A very public figure

CarriageMrs. Eddy’s carriage, ca. 1909. 
On box, l. to r., Frank Bowman, Calvin Frye. 
In carriage, l. to r., Laura Sargent, Mrs. Eddy

By 1900, Mary Baker from the Baker farm at Bow had become, in the eyes of the public, the celebrated Mary Baker Eddy of headline fame. Newspapers and magazines sought her views on every conceivable topic. Her every move made news.

Occasionally she did choose to come forward publicly, addressing Christian Scientists, writing for the general media, granting a few interviews to leading journalists.

In addition, she could be seen every day in her carriage as she was driven around Concord and later Chestnut Hill, Massachusetts - very much the public figure her position required.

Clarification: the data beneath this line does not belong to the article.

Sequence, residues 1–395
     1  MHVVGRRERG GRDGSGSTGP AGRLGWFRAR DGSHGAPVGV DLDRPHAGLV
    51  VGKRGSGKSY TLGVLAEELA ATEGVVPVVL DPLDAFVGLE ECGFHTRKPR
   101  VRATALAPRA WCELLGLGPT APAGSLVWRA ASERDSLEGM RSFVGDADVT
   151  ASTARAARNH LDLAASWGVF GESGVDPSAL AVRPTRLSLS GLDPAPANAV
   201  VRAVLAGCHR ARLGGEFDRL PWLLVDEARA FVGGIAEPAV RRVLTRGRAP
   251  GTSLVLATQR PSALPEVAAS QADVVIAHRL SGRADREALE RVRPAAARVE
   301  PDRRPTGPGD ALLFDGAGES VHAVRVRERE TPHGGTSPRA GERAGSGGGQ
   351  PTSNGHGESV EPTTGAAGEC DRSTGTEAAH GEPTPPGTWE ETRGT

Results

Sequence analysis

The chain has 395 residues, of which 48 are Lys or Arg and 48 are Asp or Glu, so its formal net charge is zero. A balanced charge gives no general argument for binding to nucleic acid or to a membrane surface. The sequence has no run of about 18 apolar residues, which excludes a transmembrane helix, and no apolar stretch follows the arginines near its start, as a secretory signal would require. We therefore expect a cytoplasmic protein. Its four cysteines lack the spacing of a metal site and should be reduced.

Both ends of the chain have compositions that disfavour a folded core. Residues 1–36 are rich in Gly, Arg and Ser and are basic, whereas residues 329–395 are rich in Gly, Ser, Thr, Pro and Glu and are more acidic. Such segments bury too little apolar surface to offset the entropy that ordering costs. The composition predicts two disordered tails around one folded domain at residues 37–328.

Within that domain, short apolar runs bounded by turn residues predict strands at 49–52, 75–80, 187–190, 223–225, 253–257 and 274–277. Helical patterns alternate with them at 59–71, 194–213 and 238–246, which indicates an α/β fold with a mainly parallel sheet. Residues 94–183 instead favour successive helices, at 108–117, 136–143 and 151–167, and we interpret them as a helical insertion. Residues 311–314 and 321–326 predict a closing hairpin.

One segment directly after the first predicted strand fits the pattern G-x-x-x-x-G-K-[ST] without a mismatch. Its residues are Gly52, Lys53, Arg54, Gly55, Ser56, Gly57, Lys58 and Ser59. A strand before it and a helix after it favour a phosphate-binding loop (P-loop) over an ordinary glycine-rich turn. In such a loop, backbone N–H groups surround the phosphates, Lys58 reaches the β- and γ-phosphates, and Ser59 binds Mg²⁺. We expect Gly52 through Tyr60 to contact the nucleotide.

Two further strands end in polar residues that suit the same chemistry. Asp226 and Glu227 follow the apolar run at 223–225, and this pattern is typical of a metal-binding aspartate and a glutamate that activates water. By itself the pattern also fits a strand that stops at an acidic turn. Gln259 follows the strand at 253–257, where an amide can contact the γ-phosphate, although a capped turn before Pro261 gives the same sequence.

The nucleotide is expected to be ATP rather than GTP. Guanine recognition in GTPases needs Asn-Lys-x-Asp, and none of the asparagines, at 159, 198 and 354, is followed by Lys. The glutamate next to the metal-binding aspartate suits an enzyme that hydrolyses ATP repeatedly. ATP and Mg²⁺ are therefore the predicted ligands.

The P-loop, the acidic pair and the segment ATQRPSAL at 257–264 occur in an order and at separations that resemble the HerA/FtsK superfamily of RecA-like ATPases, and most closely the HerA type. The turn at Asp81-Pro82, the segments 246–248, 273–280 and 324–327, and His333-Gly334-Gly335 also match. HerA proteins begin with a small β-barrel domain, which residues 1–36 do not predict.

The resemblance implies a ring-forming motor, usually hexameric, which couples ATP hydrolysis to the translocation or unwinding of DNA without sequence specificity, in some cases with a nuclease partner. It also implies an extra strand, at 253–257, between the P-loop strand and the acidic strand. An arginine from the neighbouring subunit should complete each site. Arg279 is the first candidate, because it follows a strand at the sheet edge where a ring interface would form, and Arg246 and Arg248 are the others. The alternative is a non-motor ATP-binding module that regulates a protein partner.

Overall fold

But she turned aside popular focus on her personality. A journalist who interviewed her reported: “It was explained that she wished to discourage personal adulation … and direct the thoughts of those who accept her teachings to the faith rather than the Founder of the denomination.”

She pointedly directed her followers away from venerating her to trusting God. She instructed: “I again repeat, Follow your Leader, only so far as she follows Christ.”

 A very private life